Wednesday, September 17, 2008

what is the sacred?

Yesterday I went to the first session of my Religion & Society class. It meets only once a week for 3 hours. It seems like it will be pretty good. We're reading Durkheim, Freud and Weber, plus a more contemporary guy named Maurice Bloch. I haven't read much of this kind of stuff since my psychology major in college, so it's kind of fun to jump back into that part of my interests and combine it with the theology part.

The professor started off the class by asking us, "What is the sacred?" He told us a story about an experience he had where he knew he was in contact with "the sacred," and he created a space where I felt like we were all pretty centered and aware of the presence of "the sacred" there with us. I almost started crying, to be honest, because I haven't really had that experience in a seminary class yet. There have been times when I've felt God's presence in class, or fleeting moments where I felt like the class had some sort of corporate experience of the Divine, but for a professor to intentionally start out a class creating that space was exciting and brought me joy.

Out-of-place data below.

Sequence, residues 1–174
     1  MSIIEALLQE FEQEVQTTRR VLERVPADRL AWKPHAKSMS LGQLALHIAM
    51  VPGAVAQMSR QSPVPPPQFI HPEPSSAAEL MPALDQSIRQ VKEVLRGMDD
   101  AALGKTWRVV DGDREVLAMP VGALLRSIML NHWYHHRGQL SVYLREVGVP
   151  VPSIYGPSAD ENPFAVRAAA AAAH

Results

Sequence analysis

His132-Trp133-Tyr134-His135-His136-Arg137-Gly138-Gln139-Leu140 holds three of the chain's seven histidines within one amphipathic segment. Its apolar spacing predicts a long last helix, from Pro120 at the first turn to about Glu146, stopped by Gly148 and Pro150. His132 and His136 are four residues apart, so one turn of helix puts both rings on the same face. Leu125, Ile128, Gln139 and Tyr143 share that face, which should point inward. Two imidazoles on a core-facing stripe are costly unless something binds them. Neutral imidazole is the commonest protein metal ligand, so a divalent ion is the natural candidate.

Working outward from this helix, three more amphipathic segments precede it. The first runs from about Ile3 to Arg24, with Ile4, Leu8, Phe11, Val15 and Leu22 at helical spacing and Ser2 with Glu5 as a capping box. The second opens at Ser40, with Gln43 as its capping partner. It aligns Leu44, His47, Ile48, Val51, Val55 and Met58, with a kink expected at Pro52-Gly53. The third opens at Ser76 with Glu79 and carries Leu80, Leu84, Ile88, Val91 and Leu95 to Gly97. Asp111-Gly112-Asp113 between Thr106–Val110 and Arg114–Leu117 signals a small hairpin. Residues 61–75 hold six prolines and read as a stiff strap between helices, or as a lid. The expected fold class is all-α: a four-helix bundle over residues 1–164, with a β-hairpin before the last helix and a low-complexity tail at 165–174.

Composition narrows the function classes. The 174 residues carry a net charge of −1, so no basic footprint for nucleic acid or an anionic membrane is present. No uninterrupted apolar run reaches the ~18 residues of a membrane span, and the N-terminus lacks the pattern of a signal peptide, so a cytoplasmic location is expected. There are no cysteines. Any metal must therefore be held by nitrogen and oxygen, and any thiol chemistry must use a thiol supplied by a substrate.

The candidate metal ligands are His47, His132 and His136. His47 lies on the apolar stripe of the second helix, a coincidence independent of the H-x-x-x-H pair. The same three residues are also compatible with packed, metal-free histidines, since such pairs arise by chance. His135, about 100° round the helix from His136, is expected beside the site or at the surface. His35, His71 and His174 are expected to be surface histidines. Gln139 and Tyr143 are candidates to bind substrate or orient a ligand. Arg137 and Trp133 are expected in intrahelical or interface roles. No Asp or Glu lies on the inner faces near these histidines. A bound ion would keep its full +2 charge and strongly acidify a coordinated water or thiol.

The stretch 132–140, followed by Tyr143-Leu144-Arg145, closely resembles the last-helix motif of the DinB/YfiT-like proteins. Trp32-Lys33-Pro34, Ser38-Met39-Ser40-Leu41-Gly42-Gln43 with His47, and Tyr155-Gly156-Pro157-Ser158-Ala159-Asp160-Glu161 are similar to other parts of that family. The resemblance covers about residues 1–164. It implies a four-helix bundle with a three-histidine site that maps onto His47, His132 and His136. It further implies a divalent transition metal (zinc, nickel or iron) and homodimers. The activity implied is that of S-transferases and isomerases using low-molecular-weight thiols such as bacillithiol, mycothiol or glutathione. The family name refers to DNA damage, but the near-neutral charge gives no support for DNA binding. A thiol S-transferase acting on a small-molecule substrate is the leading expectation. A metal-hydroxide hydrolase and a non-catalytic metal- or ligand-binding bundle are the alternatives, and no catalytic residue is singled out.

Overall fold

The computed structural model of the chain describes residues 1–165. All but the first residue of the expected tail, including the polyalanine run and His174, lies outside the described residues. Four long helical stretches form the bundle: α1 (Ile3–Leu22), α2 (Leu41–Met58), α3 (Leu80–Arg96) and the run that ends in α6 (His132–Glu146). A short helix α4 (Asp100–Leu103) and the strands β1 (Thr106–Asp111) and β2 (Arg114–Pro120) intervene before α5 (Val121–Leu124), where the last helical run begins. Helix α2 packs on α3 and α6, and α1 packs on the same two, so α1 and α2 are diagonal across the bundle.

Then he had us write for 5 minutes or so our answer to the question, "What is the sacred?" He asked us, "On a Saturday morning, how do you find the sacred?" Then we took turns introducing ourselves, a little about us, and sharing our answers to the questions in whatever ways we felt like doing. So that was interesting and good--it was cool hearing different people's responses to that set of questions, and the creativity that those questions opened up in us boring academics.

I'll share my response below, but one other thing struck me about the class, and that wasn't so positive. About a third of the way through the class, one woman shared her answer. She read what she'd written, and it was basically an experiential piece, putting herself in the place of Isaiah when he found himself before God, with the cherubim and seraphim singing, "Holy, holy, holy," and God said, "Who shall we send?" and Isaiah said, "Send me!" But then in her piece, she said something like, "And then the phone rings and the baby cries, but the WHOLE EARTH is filled with God's glory!" and repeated stuff like that, and it was a fairly powerful little essay. When she was done everyone was just quiet, and I appreciated that--I felt it needed the silence, that it brought us to a space where we were all aware of God's presence in the whole Earth, and in that moment and that place.

But then the professor said something like, "Well, I'm not really sure how to respond to that. I felt like the silence was important, but sometimes it's hard to respond to something that's not in academic language with academic questions." I'm not sure if this should be taken as, "I don't want to ruin the moment by making it academic," or if it was more like, "Well, that's all very nice, but what do you have to say about the sacred that we can talk about here in this academic context?" It seemed like the latter, unfortunately.